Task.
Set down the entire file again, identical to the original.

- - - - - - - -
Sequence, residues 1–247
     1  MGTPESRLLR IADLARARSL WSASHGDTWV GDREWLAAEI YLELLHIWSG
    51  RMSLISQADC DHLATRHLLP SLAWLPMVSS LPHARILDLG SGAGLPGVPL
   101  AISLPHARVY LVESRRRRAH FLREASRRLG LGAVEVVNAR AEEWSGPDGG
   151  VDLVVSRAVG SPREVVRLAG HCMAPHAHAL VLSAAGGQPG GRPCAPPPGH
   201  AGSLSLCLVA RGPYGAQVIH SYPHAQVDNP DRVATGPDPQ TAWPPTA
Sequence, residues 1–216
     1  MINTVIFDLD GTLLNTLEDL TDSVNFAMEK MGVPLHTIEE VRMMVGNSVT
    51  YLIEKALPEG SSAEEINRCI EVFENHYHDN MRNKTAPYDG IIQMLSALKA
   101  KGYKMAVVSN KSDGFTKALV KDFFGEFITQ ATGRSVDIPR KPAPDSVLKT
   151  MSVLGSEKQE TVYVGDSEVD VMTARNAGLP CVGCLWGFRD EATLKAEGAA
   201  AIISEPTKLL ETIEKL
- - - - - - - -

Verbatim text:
Sequence, residues 1–247
     1  MGTPESRLLR IADLARARSL WSASHGDTWV GDREWLAAEI YLELLHIWSG
    51  RMSLISQADC DHLATRHLLP SLAWLPMVSS LPHARILDLG SGAGLPGVPL
   101  AISLPHARVY LVESRRRRAH FLREASRRLG LGAVEVVNAR AEEWSGPDGG
   151  VDLVVSRAVG SPREVVRLAG HCMAPHAHAL VLSAAGGQPG GRPCAPPPGH
   201  AGSLSLCLVA RGPYGAQVIH SYPHAQVDNP DRVATGPDPQ TAWPPTA
Sequence, residues 1–216
     1  MINTVIFDLD GTLLNTLEDL TDSVNFAMEK MGVPLHTIEE VRMMVGNSVT
    51  YLIEKALPEG SSAEEINRCI EVFENHYHDN MRNKTAPYDG IIQMLSALKA
   101  KGYKMAVVSN KSDGFTKALV KDFFGEFITQ ATGRSVDIPR KPAPDSVLKT
   151  MSVLGSEKQE TVYVGDSEVD VMTARNAGLP CVGCLWGFRD EATLKAEGAA
   201  AIISEPTKLL ETIEKL